[Source: Proceedings of the National Academy of Sciences of the United States of America, full page: (LINK). Abstract, edited.]
Global risk model for vector-borne transmission of Zika virus reveals the role of El Niño 2015
Cyril Caminade a,b,1, Joanne Turner a, Soeren Metelmann b,c, Jenny C. Hesson a,d, Marcus S. C. Blagrove a,b, Tom Solomon b,e, Andrew P. Morse b,c, and Matthew Baylis a,b
Author Affiliations: a Department of Epidemiology and Population Health, Institute of Infection and Global Health, University of Liverpool, Liverpool CH64 7TE, United Kingdom; b Health Protection Research Unit in Emerging and Zoonotic Infections, University of Liverpool, Liverpool L69 3GL, United Kingdom; c Department of Geography and Planning, School of Environmental Sciences, University of Liverpool, Liverpool L69 7ZT, United Kingdom; d Department of Medical Biochemistry and Microbiology, Zoonosis Science Center, Uppsala University, Uppsala 751 23, Sweden; e Department of Clinical Infection, Microbiology and Immunology, Institute of Infection and Global Health, University of Liverpool, Liverpool L69 7BE, United Kingdom
Edited by Anthony A. James, University of California, Irvine, CA, and approved November 14, 2016 (received for review September 2, 2016)
This study quantifies the impact of climate variability on Zika virus (ZIKV) transmission by two mosquito vectors with distinct characteristics: Aedes aegypti and Aedes albopictus. Observed climate data were used to dynamically drive a two vectors–one host R0 epidemiological model. Our modeling results indicate that temperature conditions related to the 2015 El Niño climate phenomenon were exceptionally conducive for mosquito-borne transmission of ZIKV over South America. The virus is believed to have entered the continent earlier in 2013. This finding implicates that such a large ZIKV outbreak occurred not solely because of the introduction of ZIKV in a naive population, but because the climatic conditions were optimal for mosquito-borne transmission of ZIKV over South America in 2015.
Zika, a mosquito-borne viral disease that emerged in South America in 2015, was declared a Public Health Emergency of International Concern by the WHO in February of 2016. We developed a climate-driven R0 mathematical model for the transmission risk of Zika virus (ZIKV) that explicitly includes two key mosquito vector species: Aedes aegypti and Aedes albopictus. The model was parameterized and calibrated using the most up to date information from the available literature. It was then driven by observed gridded temperature and rainfall datasets for the period 1950–2015. We find that the transmission risk in South America in 2015 was the highest since 1950. This maximum is related to favoring temperature conditions that caused the simulated biting rates to be largest and mosquito mortality rates and extrinsic incubation periods to be smallest in 2015. This event followed the suspected introduction of ZIKV in Brazil in 2013. The ZIKV outbreak in Latin America has very likely been fueled by the 2015–2016 El Niño climate phenomenon affecting the region. The highest transmission risk globally is in South America and tropical countries where Ae. aegypti is abundant. Transmission risk is strongly seasonal in temperate regions where Ae. albopictus is present, with significant risk of ZIKV transmission in the southeastern states of the United States, in southern China, and to a lesser extent, over southern Europe during the boreal summer season.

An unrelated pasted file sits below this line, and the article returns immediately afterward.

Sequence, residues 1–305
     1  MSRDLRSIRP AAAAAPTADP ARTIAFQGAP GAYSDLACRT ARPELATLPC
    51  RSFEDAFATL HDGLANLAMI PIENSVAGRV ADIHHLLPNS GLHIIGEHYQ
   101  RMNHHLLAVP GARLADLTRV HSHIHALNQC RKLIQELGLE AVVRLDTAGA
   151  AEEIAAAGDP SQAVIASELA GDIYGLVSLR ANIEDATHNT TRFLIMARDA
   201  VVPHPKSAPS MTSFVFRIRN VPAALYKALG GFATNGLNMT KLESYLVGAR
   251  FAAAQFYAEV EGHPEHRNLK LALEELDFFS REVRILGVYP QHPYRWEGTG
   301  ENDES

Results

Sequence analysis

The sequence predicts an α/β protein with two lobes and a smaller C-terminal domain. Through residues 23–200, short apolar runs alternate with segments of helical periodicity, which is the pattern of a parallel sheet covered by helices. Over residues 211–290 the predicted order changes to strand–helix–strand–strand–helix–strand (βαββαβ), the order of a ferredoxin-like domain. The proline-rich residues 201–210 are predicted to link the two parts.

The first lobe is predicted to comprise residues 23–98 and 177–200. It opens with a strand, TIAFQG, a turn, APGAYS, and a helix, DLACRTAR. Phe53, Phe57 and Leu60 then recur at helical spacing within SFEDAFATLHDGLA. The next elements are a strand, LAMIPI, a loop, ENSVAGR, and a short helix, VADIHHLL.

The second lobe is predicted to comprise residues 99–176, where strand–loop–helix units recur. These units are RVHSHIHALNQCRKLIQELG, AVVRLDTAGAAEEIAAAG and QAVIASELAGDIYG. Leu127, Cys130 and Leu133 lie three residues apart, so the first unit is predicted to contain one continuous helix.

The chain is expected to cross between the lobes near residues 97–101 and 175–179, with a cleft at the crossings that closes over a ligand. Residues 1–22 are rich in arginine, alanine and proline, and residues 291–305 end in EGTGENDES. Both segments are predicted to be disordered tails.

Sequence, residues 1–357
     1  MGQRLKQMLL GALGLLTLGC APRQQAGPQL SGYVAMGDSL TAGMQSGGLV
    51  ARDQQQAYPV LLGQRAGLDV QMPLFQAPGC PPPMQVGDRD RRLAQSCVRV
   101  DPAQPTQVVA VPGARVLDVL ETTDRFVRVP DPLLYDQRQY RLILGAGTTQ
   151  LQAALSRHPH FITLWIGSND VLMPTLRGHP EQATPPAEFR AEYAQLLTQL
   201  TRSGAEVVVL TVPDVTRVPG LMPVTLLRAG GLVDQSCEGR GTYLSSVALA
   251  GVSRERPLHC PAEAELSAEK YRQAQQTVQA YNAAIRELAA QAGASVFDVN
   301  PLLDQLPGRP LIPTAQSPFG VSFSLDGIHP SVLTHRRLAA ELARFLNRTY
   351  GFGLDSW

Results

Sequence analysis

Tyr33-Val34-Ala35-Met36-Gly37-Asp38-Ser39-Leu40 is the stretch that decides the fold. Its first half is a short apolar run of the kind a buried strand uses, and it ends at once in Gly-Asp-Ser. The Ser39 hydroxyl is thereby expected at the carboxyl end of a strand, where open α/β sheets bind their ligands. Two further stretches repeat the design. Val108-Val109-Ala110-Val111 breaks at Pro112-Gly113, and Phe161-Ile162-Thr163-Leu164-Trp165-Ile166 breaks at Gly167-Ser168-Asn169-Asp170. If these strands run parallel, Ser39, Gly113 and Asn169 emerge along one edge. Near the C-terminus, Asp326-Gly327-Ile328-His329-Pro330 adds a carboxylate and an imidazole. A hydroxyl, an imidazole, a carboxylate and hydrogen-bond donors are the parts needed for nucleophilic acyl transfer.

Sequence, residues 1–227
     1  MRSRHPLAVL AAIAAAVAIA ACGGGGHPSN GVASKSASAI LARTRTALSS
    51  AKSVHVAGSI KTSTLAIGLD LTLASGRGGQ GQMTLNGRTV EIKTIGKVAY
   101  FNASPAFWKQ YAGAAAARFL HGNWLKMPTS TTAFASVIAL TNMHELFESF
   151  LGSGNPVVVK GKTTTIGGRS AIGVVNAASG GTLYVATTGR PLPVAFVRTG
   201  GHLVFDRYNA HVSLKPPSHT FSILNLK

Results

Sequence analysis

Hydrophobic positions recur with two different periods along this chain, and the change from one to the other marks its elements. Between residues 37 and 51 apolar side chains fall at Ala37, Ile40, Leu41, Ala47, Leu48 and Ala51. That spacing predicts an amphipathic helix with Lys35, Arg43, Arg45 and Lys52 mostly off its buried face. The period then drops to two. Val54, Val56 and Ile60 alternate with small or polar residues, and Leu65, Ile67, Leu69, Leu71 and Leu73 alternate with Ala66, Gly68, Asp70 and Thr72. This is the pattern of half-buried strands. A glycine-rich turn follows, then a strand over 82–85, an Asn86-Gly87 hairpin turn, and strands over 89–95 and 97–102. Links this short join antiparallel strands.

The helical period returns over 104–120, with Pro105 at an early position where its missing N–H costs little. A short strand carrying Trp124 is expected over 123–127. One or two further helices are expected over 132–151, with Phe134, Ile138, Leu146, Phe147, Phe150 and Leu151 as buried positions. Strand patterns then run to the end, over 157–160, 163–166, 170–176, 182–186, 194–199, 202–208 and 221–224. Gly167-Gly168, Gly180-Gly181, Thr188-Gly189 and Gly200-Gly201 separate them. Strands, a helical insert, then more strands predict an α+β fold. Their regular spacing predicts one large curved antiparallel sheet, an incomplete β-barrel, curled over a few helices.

Zika virus – R0 – model – El Niño – Ae. aegypti – Ae. albopictus
1 To whom correspondence should be addressed. Email: Cyril.Caminade@liverpool.ac.uk.
Author contributions: C.C., T.S., A.P.M., and M.B. designed research; C.C., J.T., and S.M. performed research; J.T. developed the analytical framework of the model; C.C., J.T., S.M., and M.S.C.B. analyzed data; J.C.H. conducted the large literature review; and C.C. and M.B. wrote the paper with input from all coauthors.
The authors declare no conflict of interest.
This article is a PNAS Direct Submission.
Data deposition: Model output is publicly available on the Open Science framework platform at osf.io/ubwya/.
This article contains supporting information online at http://www.pnas.org/lookup/suppl/doi:10.1073/pnas.1614303114/-/DCSupplemental.
Freely available online through the PNAS open access option.
Keywords: Zika Virus; El Nino.